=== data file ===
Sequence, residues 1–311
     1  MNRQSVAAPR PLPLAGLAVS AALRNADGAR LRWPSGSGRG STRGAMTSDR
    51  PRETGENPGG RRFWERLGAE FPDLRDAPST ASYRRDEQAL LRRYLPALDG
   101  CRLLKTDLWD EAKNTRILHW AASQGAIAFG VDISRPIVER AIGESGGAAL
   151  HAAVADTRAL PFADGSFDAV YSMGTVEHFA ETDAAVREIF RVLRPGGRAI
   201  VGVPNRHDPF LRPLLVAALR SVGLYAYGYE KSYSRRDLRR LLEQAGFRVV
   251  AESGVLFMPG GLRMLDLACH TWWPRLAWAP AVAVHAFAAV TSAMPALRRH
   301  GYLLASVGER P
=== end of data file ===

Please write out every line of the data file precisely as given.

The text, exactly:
Sequence, residues 1–311
     1  MNRQSVAAPR PLPLAGLAVS AALRNADGAR LRWPSGSGRG STRGAMTSDR
    51  PRETGENPGG RRFWERLGAE FPDLRDAPST ASYRRDEQAL LRRYLPALDG
   101  CRLLKTDLWD EAKNTRILHW AASQGAIAFG VDISRPIVER AIGESGGAAL
   151  HAAVADTRAL PFADGSFDAV YSMGTVEHFA ETDAAVREIF RVLRPGGRAI
   201  VGVPNRHDPF LRPLLVAALR SVGLYAYGYE KSYSRRDLRR LLEQAGFRVV
   251  AESGVLFMPG GLRMLDLACH TWWPRLAWAP AVAVHAFAAV TSAMPALRRH
   301  GYLLASVGER P